Love-stories are a dime a dozen. But even at that price Tumsa Nahin Dekha is a total rip-off. It carefully patches together plots, scenes, and kisses from various English movies and hopes you won't notice. Sadly, you won't even notice the much-publicized mouth-to-mouth action. It'll take more than that to resuscitate this film.
Daksh (Emraan Why Me? Hashmi) is a rich brat who is neglected by his father and brought up by his doting butler, John Uncle (Anupam Kher). John Uncle lovingly tends to Daksh's liquor-induced ravings, and makes sure the bail-money is always at hand. You see, this rich kid is so impulsive and such an ickle imp that he often gets into trouble with the cops. Aww, isn't he darling, the sozzled freak?
On one of these 'impulsive' turns, Daksh spots Jia (Dia Bordering On Hysteria Mirza) as she stands in a busstop. Steeling himself for what he hopes will get at least three more people into the theater, Daksh walks over to her and glues himself to her lips for many a shocked second. She struggles ineffectually waiting for the director to yell, Cut! Finally they're wrenched apart by helpful navy-men, who were fortunately waiting around in full costume for just such an eventuality.
Daksh falls in love, so the next time he meets Jia he makes sure she doesn't get away. She agrees to spend an hour with him, for 3,000 bucks, but on the condition that he can't touch her or misbehave in anyway. No issues. Because even though she dances in a bar, Daksh loves Jia not for her body but for her mind. Her charm. Her resilience. Her ability to make bats fall out of trees with just one well-aimed shriek (of which there are many).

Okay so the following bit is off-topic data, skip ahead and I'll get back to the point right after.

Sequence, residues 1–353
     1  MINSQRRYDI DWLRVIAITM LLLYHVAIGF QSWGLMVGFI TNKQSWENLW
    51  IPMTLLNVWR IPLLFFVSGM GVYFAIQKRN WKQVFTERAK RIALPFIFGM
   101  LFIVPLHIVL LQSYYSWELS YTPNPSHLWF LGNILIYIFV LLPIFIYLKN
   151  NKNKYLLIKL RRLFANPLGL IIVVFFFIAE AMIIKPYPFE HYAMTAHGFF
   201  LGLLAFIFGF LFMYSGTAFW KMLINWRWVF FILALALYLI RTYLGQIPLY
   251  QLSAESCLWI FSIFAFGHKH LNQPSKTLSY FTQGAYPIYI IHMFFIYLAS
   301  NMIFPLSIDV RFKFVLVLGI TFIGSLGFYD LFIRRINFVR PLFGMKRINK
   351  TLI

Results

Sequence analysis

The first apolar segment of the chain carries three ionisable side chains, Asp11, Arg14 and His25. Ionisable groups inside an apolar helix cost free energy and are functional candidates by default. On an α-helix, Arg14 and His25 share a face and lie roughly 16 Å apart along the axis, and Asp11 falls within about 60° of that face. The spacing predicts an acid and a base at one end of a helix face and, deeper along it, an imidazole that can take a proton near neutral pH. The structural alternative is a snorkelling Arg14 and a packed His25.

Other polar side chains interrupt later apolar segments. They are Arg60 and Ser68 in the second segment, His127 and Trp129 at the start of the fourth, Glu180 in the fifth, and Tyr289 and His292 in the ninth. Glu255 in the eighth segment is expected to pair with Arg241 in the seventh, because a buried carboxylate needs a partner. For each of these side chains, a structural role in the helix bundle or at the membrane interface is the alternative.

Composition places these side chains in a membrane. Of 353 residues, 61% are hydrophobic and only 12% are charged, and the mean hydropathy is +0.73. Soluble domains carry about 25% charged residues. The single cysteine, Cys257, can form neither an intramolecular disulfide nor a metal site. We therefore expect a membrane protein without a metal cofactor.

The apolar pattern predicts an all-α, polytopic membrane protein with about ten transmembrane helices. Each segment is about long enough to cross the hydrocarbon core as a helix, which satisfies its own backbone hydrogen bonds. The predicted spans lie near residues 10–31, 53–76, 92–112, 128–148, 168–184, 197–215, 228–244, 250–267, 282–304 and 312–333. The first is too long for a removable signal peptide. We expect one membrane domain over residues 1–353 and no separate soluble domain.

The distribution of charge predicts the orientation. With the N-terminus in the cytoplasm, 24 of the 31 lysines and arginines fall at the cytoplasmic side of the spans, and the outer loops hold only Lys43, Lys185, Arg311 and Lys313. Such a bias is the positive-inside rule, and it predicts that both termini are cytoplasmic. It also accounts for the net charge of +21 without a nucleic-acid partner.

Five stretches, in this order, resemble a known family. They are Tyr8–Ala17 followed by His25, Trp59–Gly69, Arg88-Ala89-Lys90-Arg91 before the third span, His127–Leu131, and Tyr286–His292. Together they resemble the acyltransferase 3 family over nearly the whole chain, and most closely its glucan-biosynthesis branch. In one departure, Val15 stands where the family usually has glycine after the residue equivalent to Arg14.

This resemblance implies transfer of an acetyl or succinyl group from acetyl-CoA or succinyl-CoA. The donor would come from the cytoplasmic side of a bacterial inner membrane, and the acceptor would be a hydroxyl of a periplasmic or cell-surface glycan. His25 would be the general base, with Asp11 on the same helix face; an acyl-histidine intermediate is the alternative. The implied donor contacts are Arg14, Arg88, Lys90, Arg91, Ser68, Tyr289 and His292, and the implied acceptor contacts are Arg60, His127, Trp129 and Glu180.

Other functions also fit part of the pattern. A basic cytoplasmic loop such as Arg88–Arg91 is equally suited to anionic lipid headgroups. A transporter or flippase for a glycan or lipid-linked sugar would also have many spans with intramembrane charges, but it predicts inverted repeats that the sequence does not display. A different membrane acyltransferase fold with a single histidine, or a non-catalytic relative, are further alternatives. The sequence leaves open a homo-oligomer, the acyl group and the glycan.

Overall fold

Jia, for her part, falls right back in love with Daksh, especially when she sees how devoted he is to her mentally-challenged brother. In fact, everything is lovely and just as fine as can be when suddenly, his evil father issues an ultimatum: marry my friend's daughter or be divorced forever from your million-dollar bank account.
Like many of us, Daksh is not enthusiastic about the idea of imminent poverty. So he tells Jia he can't go through with their relationship, he is far too rich for the likes of her. Instead, would she be willing to be his mistress? Jia does what any respectable girl in her position would do, she tells him she'll think it over.
And the one who talks Jia into considering the proposal is John Uncle, who develops 'acute' leukemia (not to be confused with other less-serious forms of blood cancer). John Uncle kicks it, and faced with his own mortality, Daksh finally sees the error of his ways. He stands up to his devious father and his hookah-puffing, trash-mouth of a grandmother, and in the end love triumphs. To seal the deal, the two lovers kiss again. And this is definitely a better kiss, because they're both more relaxed. They've finally gotten Tumsa Nahin Dekha safely behind them. And as silver linings go, that one is nothing to scoff at.